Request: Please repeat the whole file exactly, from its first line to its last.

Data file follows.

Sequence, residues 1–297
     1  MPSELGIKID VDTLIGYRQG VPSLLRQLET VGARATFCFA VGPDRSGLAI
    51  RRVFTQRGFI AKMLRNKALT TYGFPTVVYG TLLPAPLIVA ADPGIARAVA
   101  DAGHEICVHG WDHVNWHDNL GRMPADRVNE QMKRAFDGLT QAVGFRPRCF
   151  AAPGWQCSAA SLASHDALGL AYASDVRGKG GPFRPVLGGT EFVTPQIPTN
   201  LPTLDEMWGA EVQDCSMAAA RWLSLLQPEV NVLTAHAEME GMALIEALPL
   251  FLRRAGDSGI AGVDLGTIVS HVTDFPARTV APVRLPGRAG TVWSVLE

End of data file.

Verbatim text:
Sequence, residues 1–297
     1  MPSELGIKID VDTLIGYRQG VPSLLRQLET VGARATFCFA VGPDRSGLAI
    51  RRVFTQRGFI AKMLRNKALT TYGFPTVVYG TLLPAPLIVA ADPGIARAVA
   101  DAGHEICVHG WDHVNWHDNL GRMPADRVNE QMKRAFDGLT QAVGFRPRCF
   151  AAPGWQCSAA SLASHDALGL AYASDVRGKG GPFRPVLGGT EFVTPQIPTN
   201  LPTLDEMWGA EVQDCSMAAA RWLSLLQPEV NVLTAHAEME GMALIEALPL
   251  FLRRAGDSGI AGVDLGTIVS HVTDFPARTV APVRLPGRAG TVWSVLE